Friday, 25 October 2019

The Reddening.



The Reddening is the new novel from Adam Nevill. It’s the first to be published by the author’s own Ritual Limited (the company’s previous two books being collections of short fiction) and the author’s ninth novel, arriving some two and a half years after the last one, Under a Watchful Eye. Within that time, of course, the film version of Adam’s third novel, The Ritual, has been released to huge acclaim.
It’s little surprise that The Ritual was such an effective film as Adam’s writing has a true cinematic feel to it. This is not a case of damning with faint praise - cinema is an art form in itself and when done well can evoke the strongest of emotions - rather a huge compliment to the skill of the writing itself. That writing is so assured and precise that the images it seeks to convey are delivered straight into readers’ imaginations, the scenes playing out in their minds’ eyes as they follow the words on the page.
The cinematic feel to The Reddening is perhaps enhanced by its differences to Under a Watchful Eye. Whilst the latter was a slow burner of a novel, preying on psychological rather than visceral fears, The Reddening pelts along at a cracking pace, employing multiple points of view and short chapters both of which lend a real urgency to proceedings. A few of the chapters start with a startling image or piece of action – the literary equivalent, I guess, of a jump scare – and the author even manages to use sound effectively (again testament to the skill of the writing) to unsettle and terrify the reader. There’s a scene in Adam’s novel Last Days which really freaked me out at the time, and which still gives me a shiver to think about, involving strange sounds on a recording and that effect is recreated in a scene in The Reddening with equally impressive results. The power of suggestion created by “noises off” is not to be underestimated (think movie versions of The Exorcist or even The Ritual – the scene where Luke can hear whatever is happening to Dom in another room inside the cabin…) and it’s used to brilliant effect here again.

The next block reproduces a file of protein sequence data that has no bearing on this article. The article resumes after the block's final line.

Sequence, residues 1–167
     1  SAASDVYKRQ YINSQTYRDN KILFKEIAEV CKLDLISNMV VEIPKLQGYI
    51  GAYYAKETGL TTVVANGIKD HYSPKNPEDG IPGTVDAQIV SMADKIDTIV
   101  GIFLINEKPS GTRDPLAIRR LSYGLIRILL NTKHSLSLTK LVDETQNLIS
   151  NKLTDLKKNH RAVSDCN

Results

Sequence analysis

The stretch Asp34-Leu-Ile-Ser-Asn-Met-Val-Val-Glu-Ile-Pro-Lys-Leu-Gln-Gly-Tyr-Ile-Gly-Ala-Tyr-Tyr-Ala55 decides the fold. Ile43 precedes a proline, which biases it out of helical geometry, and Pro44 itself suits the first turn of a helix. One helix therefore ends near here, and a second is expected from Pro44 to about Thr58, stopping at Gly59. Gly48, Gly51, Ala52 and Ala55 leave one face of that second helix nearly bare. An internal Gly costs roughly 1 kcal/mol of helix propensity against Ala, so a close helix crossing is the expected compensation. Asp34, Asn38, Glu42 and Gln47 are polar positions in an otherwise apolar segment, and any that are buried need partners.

It’s the set-pieces in The Reddening that really stand out though; among them a dog attack, a desperate fight against drowning and, at almost the halfway point of the book, a scene of extreme horror that is one of the most disturbing things I’ve read in quite some time. I’m already regretting using the term “extreme horror” as that conjures up (in my mind anyway) lurid and gratuitous descriptions of violence designed to shock and disgust rather than create any real feelings of horror. The scene in question does involve extreme violence but the writing here is so good that the emotions it stirs in the reader are ones of horror in its purest sense; eschewing over the top descriptions, the spare and concise way in which it is written magnifies the terror of what’s happening. It’s a grim and relentless scene that will leave you shaken and stirred; a masterclass in how this type of thing should be written.